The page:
What is system-config-firewall?
system-config-firewall is a graphical user interface for setting basic firewall rules.
Current firewall model
The current firewall model is static. The standard firewall configuration for IPv4 and IPv6 are created by lokkit. The initial firewall configuration is created at install time by anaconda and can be altered later on by the user with system-config-firewall, system-config-firewall-tui or the command line tool lokkit.
The configuration files are:
/etc/sysconfig/iptables /etc/sysconfig/iptables-config /etc/sysconfig/ip6tables /etc/sysconfig/ip6tables-config
/etc/sysconfig/iptables is the iptables configuration file and contains the rules in iptables-save format for IPv4. Analog for /etc/sysconfig/ip6tables and ip6tables for IPv6.
The -config files contain the service configuration for the services iptables and ip6tables.
system-config-firewall and lokkit are creating the /etc/sysconfig/ip*tables files. The files contain the full firewall configuration. These files are applied with the iptables and ip6tables services. system-config-firewall is handling these services to apply new firewalls or firewall changes.
Advantages / Disadvantages
+ One source for the rules.
+ A user can easily see which rules are applied and which rules should be applied by comparing /etc/sysconfig/ip*tables with the output of ip*tables-save.
- The model is static, the firewall has to be restarted to apply changes.
- The /etc/sysconfig/ip*tables files are recreated for all changes.
- Active connections could be terminated because of restarting the firewall even for small changes.
- Dynamic firewall (v1)
- Full DBus interface (v1)
- User interaction mode (v1 and v2)
- Network zone support (v1, requires to add the ability to classify network connections (network profiles) in NetworkManager)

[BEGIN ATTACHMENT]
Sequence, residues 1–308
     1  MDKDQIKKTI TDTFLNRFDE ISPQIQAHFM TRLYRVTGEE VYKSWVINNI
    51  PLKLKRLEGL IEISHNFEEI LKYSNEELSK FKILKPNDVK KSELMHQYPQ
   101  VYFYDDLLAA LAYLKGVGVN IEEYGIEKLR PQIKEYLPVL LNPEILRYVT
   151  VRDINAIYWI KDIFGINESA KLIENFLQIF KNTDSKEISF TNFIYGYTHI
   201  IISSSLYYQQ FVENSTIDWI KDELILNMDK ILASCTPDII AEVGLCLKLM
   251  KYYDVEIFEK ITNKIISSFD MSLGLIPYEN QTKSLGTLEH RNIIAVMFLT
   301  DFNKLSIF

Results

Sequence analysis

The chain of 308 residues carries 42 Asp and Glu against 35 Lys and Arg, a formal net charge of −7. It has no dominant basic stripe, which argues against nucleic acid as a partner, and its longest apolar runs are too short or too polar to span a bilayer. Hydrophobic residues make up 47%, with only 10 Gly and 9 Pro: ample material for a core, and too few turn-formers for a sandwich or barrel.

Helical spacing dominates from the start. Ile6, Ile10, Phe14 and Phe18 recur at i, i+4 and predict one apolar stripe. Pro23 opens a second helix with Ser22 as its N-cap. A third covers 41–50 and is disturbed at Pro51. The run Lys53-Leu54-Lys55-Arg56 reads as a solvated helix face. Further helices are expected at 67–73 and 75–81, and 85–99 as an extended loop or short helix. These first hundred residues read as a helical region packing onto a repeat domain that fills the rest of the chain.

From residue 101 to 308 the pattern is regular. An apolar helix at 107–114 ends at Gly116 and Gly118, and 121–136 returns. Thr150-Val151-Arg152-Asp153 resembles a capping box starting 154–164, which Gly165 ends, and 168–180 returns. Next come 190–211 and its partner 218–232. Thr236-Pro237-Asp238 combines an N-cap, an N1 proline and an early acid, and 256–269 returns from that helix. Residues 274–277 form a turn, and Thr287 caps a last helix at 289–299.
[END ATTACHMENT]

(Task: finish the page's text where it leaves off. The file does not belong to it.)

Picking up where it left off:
- User policy support (v2+)
The old firewall behaviour will still be usable if the firewall is set to static mode. This makes it backward compatible.
The new firewall model will be dynamic. This means that /etc/sysconfig/ip*tables are not used for firewall configuration and will not be written for firewall changes. Also a lot of firewall changes are done without restarting the firewall. The firewall will be created and managed by lokkit. If /etc/sysconfig/ip*tables files are available, these will be used if the firewall is configured to be in static mode.
There will be new chains for services, ports, trusted interfaces, masquerading, port forwarding, icmp filtering and also services like libvirt. This will make custonmisation easier than before. Because of adding and removing rules to and from fixed chains in the firewall structure, these actions could not result in unexpected behaviour.
system-config-firewall will provide a dbus interface to easily configure the firewall. This will provide the ability to enable and disable services and to open or close ports, to mark and unmark interfaces as trusted or for masquerading, to add and remove port forwarding. Also adding or removing custom rules; but this will most likely require a firewall restart.
User interaction mode
The user will be asked if an application requests to change the firewall for example to grant access for a service. This is necessary, because the user has to be made aware of what is going on. This is only needed for network interfaces, which are not trusted. Marking a home network as trusted will be easy with a zone model (see =Network zone support).